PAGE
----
"And Peter"

Notes of an address

"But go your way, tell his disciples and Peter that he goeth before you into Galilee: there shall ye see him, as he said unto you" (Mark 16:7).

Why should the young man clothed in white who sat in Jesus' empty tomb have been so interested in Peter? Is it possible that angels are concerned about the backslidings of the disciples of the Lord? It would appear so from this incident. All the disciples had faltered and failed, and they all mourned and wept, and there was a message for them all; but Peter had travelled far upon an evil road; he had sinned more deeply than any other, and for him the angel sends a special word. Perhaps, as he thought on his ways, he so loathed himself that be was too ashamed to company with his brethren, and was isolating himself from them as though he were no longer one of them. If so, he had to be sought and found and the angelic message given to him; he had to be told that he would see his Lord again.

Was this heavenly visitant, who held that empty tomb in the Name of Jesus of Nazareth, acting upon orders received from his Lord when he added to his message "and Peter"? Without a doubt he was. When the Lord rose up triumphant from the grave and set the angel there in what had been once the stronghold of now vanquished death, He must have told him thus to speak to the women who were already on their way to that sacred spot. And if so, how impressed he must have been with the grace of his Master when he realized that His first thoughts in the hour of His victory were not the vindication of His own glory or the destruction of His foes, but of His weak and weeping disciples, and above all of Peter. We are not able to say definitely how things affect the minds of angels, for we are but men, yet we may well suppose that this would give that young man in white, and many another angel, fresh cause to wonder and to adore their most adorable Lord.

The angels are His servants, they do His bidding, they have their place in connection with His house and His ways of grace with men. There is joy in their presence over one sinner that repenteth (Luke 15); they take a deep and special interest in the manners and conduct of the Lord's disciples, even in the way those disciples dress (1 Cor. 11:10); and they learn the manifold wisdom of God as they see it expressed in the church (Eph. 3:10). Consequently I do not think that I am exaggerating at all when I say that they are concerned about the backslidings of the disciples of the Lord. The young man in white did not deliver his message to the women as a sort of soulless automaton, his heart went with it. This is clear from the way he sought to still the fear in their breasts and to strengthen their faith by showing them the empty tomb and reminding them of the Lord's words. He was concerned about them all, and especially about Peter, for he was more likely to be swallowed up with sorrow than the rest. And the angels, which are all ministering spirits sent forth to minister to them that are heirs of salvation, must be interested in the welfare of those to whom they minister.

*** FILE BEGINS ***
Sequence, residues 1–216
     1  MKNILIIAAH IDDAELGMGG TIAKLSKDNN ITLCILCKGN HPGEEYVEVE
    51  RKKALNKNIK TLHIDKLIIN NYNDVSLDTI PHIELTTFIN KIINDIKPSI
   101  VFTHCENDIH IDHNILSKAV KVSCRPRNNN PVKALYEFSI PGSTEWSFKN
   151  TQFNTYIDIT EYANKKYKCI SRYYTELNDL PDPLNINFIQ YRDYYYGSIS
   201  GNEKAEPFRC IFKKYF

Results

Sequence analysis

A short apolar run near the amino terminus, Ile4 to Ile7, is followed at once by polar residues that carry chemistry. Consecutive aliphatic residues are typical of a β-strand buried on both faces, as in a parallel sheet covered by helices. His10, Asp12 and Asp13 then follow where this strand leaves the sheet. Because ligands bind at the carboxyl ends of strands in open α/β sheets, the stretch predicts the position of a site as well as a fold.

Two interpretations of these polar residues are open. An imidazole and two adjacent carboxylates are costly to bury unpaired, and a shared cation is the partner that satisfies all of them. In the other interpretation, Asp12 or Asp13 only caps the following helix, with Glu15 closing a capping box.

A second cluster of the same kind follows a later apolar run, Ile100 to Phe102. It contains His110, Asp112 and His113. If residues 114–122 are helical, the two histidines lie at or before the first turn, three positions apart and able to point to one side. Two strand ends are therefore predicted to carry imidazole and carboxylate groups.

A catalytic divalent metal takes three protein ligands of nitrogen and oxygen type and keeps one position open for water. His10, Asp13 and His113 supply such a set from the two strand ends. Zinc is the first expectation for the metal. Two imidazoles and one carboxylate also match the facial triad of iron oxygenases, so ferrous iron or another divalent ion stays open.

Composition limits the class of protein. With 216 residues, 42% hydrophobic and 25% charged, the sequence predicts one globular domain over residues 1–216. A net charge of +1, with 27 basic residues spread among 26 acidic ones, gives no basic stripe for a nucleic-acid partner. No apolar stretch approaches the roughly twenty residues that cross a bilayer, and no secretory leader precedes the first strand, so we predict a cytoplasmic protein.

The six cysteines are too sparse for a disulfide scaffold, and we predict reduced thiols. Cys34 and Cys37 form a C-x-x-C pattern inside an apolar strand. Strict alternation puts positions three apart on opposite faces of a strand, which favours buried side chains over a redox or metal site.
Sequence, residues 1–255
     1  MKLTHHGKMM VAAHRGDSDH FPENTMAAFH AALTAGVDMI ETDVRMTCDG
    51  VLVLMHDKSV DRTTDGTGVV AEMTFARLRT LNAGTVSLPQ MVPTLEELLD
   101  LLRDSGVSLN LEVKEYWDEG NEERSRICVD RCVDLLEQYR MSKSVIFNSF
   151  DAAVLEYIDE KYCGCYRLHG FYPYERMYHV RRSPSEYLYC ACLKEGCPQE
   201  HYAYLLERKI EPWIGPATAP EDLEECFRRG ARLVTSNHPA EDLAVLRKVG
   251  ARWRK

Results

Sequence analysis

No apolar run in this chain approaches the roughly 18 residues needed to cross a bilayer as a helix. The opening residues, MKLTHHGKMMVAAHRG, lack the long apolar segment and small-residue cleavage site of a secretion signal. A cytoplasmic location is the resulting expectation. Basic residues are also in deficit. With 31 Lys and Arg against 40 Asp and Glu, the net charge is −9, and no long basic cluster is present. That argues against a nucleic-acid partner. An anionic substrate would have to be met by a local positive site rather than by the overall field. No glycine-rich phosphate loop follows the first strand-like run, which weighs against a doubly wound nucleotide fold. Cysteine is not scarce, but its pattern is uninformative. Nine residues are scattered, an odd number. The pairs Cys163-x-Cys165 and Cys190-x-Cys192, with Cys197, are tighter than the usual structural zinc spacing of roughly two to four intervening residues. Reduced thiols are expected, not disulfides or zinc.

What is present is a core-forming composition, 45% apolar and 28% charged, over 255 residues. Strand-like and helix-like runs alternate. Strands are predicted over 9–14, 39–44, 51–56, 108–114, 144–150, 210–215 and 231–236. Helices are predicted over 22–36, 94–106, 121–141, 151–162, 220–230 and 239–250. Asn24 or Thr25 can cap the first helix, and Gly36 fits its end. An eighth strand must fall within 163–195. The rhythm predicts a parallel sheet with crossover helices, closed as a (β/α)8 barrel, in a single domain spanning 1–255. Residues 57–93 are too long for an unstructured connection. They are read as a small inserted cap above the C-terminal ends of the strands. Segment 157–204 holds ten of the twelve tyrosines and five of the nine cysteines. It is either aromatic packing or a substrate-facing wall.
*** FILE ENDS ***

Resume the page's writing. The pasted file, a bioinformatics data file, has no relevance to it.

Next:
The angels of God care for the disciples of the Lord, and I do not doubt that they marvel at the love of God to them, and are more than amazed that they should so often sacrifice their greatest joys for sinful things, that they should turn away from their Lord and often deny Him, and become backsliders, as Peter was. But again, with what keen interest and joy they must watch the Lord's ways of grace until restoration is complete. That is, of course, because they have but one interest and that the Lord's glory, and the interest that they show is the effect of their seeing the love that the Lord bears to those who are His. The angel would not have been so concerned about Peter if the Lord had not been concerned about him, and the angels would not be so concerned about you and me, and the way that we live, and the things that we pursue, if the Lord were not concerned about us. The master of a great house may have thoughts and interests of which his servants know nothing, but suppose a child of the house is dangerously ill, or has strayed away from home, then if they are true servants and the master is a true master, they are all deeply interested. The master's concern affects them every one. So it is with our Lord and the angels who are His servants.

Ought we to be less interested in each other than the angels are interested in us? Surely not. And especially since we may do what they cannot do. They cannot restore the backslider; as far as we know they have no part in this work, but we ought to wash one another's feet (John 13), and "if a man be overtaken in a fault, ye which are spiritual, restore such an one in the spirit of meekness; considering thyself lest thou also be tempted" (Gal. 6:1). But suppose there is a backslider who secretly mourns his departure from the Lord, but finds his brethren, as be supposes, coldly indifferent towards him, who thinks, perhaps, that no one is concerned about him. Let me say to him, "Though men seem careless of your welfare, the angels are not; they are interested, and they are interested because their Lord is. The restoration of your soul to the joy of salvation and communion with the Saviour is of deep concern to them because they know that this is the Lord's desire and because the Lord's glory is involved in it. Banish at once from your mind the thought that nobody cares, and let the angel's words, 'and Peter,' speed your feet along the way of repentance to the Saviour who has not ceased to love and care for you, and whom through grace you still love or you would not be secretly grieving about the loss of His company and the joy that it gives.